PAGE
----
Minnesota Rep. Ilhan Omar once again clarified her remarks about 9/11 on Sunday, days after a family member of a 9/11 victim alluded to the Muslim congresswoman at a remembrance ceremony.
Appearing on CBS’ Face the Nation, Omar was asked by host Margaret Brennan if she knew why people would find remarks she made about 9/11—taken out of context in a speech about Muslim Americans’ civil liberties—offensive.
“9/11 was an attack on all Americans. It was an attack on all of us, and I certainly could not understand the weight of the pain that the families of the victims of 9/11 must feel,” Omar replied.
“It’s important for us to make sure that we are not forgetting the aftermath of 9/11, [when] many Americans found themselves now having their civil rights stripped from them, and so what I was speaking to was that as a Muslim, not only was I suffering as an American who was attacked on that day, but the next day I woke up as my fellow Americans were now treating me as suspect,” she continued.
Omar’s explanation has been consistent and clear since she first made the controversial remarks in April at the Center for American Islamic Relations (CAIR). The speech referred to the ways Muslim Americans are discriminated against and challenged those in the audience to bring their full selves to the public sphere. But one snippet of the speech—in which she said CAIR had been founded “after 9/11 because they recognized that some people did something and that all of us were starting to lose access to our civil liberties”—went viral after conservatives interpreted “some people did something” as minimizing 9/11. This included Donald Trump, who shared a video splicing the 9/11 attacks against Omar’s speech—the definition of politicizing a tragedy, were you looking for such an example.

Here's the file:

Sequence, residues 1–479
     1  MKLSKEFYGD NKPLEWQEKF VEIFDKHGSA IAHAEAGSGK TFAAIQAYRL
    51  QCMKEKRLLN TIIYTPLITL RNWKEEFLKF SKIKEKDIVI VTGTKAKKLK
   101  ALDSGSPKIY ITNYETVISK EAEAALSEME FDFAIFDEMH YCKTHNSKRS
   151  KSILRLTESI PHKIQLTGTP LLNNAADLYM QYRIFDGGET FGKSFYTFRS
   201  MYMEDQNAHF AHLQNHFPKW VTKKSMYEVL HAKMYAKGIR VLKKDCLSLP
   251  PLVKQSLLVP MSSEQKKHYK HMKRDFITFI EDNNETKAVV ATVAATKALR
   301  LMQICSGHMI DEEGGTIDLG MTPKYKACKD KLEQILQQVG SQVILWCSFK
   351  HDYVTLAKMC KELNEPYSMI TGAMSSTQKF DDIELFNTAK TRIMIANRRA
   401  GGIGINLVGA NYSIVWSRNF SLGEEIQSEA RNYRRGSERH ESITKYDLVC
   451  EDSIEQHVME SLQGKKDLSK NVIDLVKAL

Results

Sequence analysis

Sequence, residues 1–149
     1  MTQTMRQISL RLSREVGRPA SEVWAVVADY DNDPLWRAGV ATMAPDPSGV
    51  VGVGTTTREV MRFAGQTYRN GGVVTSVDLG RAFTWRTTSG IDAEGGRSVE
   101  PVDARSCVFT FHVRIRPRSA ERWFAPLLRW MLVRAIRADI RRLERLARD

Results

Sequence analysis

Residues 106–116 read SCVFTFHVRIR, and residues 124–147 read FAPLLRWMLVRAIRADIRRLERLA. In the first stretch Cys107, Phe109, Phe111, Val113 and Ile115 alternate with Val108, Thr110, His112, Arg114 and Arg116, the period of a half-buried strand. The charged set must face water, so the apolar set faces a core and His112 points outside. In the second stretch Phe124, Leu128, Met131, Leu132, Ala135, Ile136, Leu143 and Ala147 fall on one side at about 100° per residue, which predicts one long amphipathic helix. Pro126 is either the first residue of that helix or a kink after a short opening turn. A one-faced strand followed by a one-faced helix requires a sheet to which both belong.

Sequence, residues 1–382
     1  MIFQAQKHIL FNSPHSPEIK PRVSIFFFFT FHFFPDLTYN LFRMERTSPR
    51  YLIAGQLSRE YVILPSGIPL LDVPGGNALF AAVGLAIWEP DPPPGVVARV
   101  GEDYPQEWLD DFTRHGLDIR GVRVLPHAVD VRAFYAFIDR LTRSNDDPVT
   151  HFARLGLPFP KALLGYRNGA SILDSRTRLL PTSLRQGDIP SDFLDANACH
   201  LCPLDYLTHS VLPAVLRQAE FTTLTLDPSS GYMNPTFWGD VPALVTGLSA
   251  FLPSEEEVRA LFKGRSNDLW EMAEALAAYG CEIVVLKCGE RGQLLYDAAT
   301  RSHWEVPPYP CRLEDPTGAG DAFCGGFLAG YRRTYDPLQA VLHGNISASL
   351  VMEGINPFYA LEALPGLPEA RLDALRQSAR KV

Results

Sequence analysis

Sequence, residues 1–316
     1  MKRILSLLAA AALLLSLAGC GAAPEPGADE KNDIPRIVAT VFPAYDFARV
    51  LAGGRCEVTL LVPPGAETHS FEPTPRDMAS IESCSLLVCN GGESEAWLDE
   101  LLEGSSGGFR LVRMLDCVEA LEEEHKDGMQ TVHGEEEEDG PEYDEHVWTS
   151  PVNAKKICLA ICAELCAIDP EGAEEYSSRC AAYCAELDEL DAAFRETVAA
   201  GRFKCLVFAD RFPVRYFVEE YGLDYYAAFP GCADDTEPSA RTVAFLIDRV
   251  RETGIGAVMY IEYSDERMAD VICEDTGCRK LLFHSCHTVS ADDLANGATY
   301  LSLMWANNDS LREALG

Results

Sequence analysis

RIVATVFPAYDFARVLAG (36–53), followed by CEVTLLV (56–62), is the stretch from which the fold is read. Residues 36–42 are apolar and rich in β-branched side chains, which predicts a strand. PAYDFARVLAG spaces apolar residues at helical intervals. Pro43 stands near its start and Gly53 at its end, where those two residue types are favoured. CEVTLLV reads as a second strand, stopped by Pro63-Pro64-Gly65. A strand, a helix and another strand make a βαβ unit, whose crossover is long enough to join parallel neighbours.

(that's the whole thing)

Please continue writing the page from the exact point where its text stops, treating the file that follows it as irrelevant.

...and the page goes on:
The bad faith interpretation of Omar’s remarks clearly hasn’t abated in the months since. On the anniversary of the terrorist attacks, Nicholas Haros Jr., whose mother died in the World Trade Center, gave a speech on the anniversary while wearing a shirt with the words, “some people did something.” As if that weren’t enough, Haros made reference to the remarks in his speech.
“‘Some people did something,’ said a freshman congresswoman from Minnesota,” Haros said, according to The Hill. “Today I am here to respond to you exactly who did what to whom.”
That a terrorist organization rooted in radical Islamic ideology—Al Qaeda—engineered 9/11 is irrefutable. So, too, is the discrimination that many Muslim Americans (and frankly, more than a few non-Muslims) experienced after the attacks. According to the Pew Research Center, 93 Muslims were assaulted in the U.S. specifically because of their religion in 2001—a spike in hate crimes that wasn’t exceeded until 2016. (Bear in mind, too, that these numbers don’t reflect intimidation, verbal attacks, or other forms of harassment).
Omar has emphasized repeatedly that her perception of 9/11 is informed by both the fear she felt as an American and as a Muslim woman viewed as a threat by her fellow Americans—a point she made to USA Today in recent days:
“To some people, it’s easy for them to not think of me as an American, as someone who would not have the same feelings as they did as we were being attacked on American soil,” she said.